Cock and Balls
when and maybe why as well?
We're pleased to report that eagle-eyed amateur linguistic sleuths have tracked down the earliest sighting yet of Gordon Bennett, whose name has long been held to be a euphemism for "gorblimey", itself from "God blind me". The discovery of Gordon in J Curtis's 1937 book You're in the Racket, Too! ("Gordon Bennett. He wasn't …
I'd heard (I forget where... QI, possibly?) that "dog's bollocks" came from some product or another which came in two styles: Box Deluxe, and Box Standard. The deluxe version was spoonerised into Dox Beluxe, and hence into "dog's bollocks", and the standard became known as "bog standard"...
Now, if I could only back these assertions up with some form of evidence... Ah well, it serves as a useful anecdote on the mutability of language in any case...
Is derived from a racing driver of the thirties, presumably the same one. There was a pub in Tooting called the Gordon Bennett (http://www.beerintheevening.com/pubs/s/42/4261/Gordon_Bennett/Tooting_Broadway) and there is a street in Paris called the Avenue Gordon Bennett next to the Stade Roland Garos. The exclamation came from his driving ability. This may or may not be true.
Pedant alert - "it's the dog's bollocks", or more succinctly "it's the dogs".
Visual similarity has nothing to do with it. It comes from observation that dogs are always licking their bollocks, so the article at issue must be pretty good.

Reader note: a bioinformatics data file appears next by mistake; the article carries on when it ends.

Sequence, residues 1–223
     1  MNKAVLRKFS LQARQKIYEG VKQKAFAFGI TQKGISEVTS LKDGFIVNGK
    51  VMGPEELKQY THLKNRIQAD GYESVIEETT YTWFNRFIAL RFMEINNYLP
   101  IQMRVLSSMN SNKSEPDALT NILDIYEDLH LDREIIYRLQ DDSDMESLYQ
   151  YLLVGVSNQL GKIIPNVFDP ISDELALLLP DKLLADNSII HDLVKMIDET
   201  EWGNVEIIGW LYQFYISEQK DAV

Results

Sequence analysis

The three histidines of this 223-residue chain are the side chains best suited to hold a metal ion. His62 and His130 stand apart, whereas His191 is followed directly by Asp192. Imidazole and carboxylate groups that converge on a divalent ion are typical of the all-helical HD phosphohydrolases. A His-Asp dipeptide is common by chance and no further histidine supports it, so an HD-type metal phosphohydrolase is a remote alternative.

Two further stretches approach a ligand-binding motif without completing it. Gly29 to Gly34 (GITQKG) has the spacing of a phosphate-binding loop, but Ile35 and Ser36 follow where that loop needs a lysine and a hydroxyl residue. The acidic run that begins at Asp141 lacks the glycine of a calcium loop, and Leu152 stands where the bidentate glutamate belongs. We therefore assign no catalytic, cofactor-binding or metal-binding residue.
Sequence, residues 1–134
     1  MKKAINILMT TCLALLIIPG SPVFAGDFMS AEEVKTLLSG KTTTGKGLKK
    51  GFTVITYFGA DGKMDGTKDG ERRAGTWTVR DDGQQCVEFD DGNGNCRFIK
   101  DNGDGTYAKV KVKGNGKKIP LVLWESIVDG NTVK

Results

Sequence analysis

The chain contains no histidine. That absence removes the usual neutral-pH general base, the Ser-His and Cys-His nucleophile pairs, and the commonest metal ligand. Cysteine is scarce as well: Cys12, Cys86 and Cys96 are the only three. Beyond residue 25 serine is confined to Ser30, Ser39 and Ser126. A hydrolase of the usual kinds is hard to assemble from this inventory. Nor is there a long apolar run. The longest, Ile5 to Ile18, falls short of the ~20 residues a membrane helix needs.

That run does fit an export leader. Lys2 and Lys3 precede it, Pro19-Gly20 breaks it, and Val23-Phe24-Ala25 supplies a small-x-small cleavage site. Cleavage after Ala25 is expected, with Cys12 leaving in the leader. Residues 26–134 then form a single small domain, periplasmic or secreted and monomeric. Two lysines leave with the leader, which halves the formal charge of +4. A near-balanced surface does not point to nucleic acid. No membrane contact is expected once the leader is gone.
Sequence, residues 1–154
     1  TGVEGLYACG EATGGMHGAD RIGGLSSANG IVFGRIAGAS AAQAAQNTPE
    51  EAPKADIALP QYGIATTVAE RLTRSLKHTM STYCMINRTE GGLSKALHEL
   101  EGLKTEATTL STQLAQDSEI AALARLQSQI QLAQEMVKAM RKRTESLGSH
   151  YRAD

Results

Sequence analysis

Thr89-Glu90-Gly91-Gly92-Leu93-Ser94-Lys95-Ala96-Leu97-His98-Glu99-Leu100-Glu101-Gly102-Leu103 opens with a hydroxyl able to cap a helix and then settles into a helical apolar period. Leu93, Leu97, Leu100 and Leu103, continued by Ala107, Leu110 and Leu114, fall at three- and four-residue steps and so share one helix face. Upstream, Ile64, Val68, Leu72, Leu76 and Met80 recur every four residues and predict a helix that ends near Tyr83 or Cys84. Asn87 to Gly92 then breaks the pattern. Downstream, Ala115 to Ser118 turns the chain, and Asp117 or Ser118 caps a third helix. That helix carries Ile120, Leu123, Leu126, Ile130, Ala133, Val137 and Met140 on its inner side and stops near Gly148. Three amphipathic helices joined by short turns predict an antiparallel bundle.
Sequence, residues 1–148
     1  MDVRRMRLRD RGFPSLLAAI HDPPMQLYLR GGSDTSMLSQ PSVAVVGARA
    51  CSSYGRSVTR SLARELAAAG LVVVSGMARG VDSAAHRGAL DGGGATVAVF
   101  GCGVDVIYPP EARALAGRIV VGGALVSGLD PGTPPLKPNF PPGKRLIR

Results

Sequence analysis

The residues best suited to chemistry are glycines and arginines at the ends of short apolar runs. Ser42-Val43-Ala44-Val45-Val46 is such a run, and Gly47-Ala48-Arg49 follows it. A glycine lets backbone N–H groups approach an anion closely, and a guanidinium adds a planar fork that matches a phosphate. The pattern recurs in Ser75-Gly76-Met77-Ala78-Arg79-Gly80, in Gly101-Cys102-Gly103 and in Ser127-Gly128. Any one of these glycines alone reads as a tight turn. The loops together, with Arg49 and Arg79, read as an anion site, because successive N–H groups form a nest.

Rare for the OED to be wrong. In this case you should refer to Roger's Profanosaurus.
Is actually an old Victorian engineering term, standing for "British Or German Standard." Seems the old boys had a bit of common sense and wanted to ensure that any component came from a reliable engineering nation and not a cheese eating surrender monkey or some kind of giggolo.
Quote: "... the Black Country,... many round there are to busy sleeping with their cousins..."
That's it, ah. Yo hit the nile on the 'ead (as we say in the west midlands).
A Black Country virgin is any under-age girl who can outrun her dad and her brothers. Her cousins have to wait til later...
Anyone who read Bill Bryson's Made in America (1994) would have known the origin of Gordon Bennett was James GB, the newspaper baron. The exclamation came about because of his party trick of entering swanky restaurants and trying to yank away the tablecloth of the nearest tables, attempting to leave all the crockery, cutlery etc standing. Invariably, he would fail, and he would give the maitre d' a wad of cash to compensate the besplattered and outraged diners. He had a habit of this sort of thing - getting mightily hammered, doing something outrageously annoying to others, and giving them lavish restitution. He was rich, so he could get away with it.
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